An Invasion of Privacy?

by  Assistant Editor

There are many issues that lie buried behind the walls of public housing, but this is one that I wanted to shed a little light on. Many residents in the Raymond Hilliard Homes are feeling violated by the very thought of the Chicago Housing Authority and the development’s private management firm, Holsten Realty, wanting them to submit to a drug test in order to renew or receive a lease.
Recently, a few tenants handed me a new draft lease that read, “As a precondition to renewing this lease, landlord requires that all adult members (persons 18 and older) submit a urine sample for an analysis of such sample for non prescribed, prohibited controlled substances, by a qualified laboratory selected by the landlord.”

After reading this, I wanted to know what the Hilliard Homes Local Advisory Council president, Maner Jean Wiley, thought of a lease which requires her residents to pass a drug test. Wiley said, “I’m comfortable with it. After all, it will eliminate the drug problem that we have here. And when the new mixed income community comes, it will stay beautiful and drug free.”

I also called CHA spokesperson Kathryn Greenberg and asked her about the legalities of lease provisions that require residents of public housing to submit to a drug test.

Greenberg said, “I know that they have drug testing at North Town Village near Cabrini (referring to the new mixed-income community near Cabrini Green). Holsten also manages them.” Greenberg suggested that I call Jackie Taylor at Holsten Realty’s main office and ask her about the drug testing.

So I called Jackie Taylor at the main office and asked her about the legality of drug testing residents. Taylor said, “We have talked to numerous CHA lawyers that said that this can be done.”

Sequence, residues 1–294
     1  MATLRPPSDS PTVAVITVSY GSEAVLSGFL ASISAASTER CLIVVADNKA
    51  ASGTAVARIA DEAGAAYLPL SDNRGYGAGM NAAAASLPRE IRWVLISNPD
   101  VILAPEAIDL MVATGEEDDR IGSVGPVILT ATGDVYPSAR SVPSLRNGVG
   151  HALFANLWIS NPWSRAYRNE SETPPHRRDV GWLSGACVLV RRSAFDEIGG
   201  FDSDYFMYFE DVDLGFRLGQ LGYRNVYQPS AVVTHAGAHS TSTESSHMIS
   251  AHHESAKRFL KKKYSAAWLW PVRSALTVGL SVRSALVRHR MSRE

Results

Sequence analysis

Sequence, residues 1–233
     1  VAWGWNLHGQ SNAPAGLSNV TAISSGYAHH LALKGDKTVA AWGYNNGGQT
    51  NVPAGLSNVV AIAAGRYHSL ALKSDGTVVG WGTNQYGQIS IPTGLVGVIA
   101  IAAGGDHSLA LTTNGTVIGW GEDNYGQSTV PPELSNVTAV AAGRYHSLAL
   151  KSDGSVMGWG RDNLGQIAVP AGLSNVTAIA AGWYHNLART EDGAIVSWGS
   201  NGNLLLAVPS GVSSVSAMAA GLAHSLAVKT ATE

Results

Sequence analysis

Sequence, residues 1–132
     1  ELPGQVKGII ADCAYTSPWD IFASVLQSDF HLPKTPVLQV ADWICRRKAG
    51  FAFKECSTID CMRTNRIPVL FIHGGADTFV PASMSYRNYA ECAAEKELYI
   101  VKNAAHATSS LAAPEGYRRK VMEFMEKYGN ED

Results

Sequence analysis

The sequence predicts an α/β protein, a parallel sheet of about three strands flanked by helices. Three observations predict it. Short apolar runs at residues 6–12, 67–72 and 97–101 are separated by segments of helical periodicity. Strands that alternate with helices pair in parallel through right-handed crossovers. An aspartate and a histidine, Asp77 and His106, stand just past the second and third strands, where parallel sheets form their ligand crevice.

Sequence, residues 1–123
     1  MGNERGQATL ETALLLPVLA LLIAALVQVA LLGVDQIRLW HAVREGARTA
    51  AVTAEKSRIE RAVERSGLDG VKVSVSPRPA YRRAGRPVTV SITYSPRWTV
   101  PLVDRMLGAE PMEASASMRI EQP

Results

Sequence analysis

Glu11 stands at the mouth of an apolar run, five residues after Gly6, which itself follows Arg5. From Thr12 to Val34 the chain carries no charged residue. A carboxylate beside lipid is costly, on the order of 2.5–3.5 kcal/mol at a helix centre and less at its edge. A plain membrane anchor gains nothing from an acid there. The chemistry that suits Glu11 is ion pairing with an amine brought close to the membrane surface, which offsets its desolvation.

Taylor went on to say, “People have an option to say ‘No’ to the drug test. But they also have the option to live elsewhere.”

I was still curious after talking to Taylor. So I called Adam Schwartz, staff counsel for the American Civil Liberties Union . I faxed him a copy of Hilliard’s renewal lease and asked him what he thought of drug testing the residents of Hillard Homes and North Town Village.

Schwartz said, “The ACLU feels that to ask anyone to take a drug test as a condition of receiving housing, whether they are from public housing such as Hilliard or from a mixed-income community such as North Town Village, is a direct violation of the Fourth Amendment (of the U.S. Constitution). It’s an invasion of privacy.”

One resident from Hilliard Homes who asked that her name not be used heard about the drug testing lease renewal and said, “I feel so violated. What is America coming to? Are they trying to say that people who have a drug problem shouldn’t have homes?

“They think that they have a homeless problem now. Just wait until they start checking for drugs in order to rent apartments.”

Tags: , , , , , , , ,
Categories: Uncategorized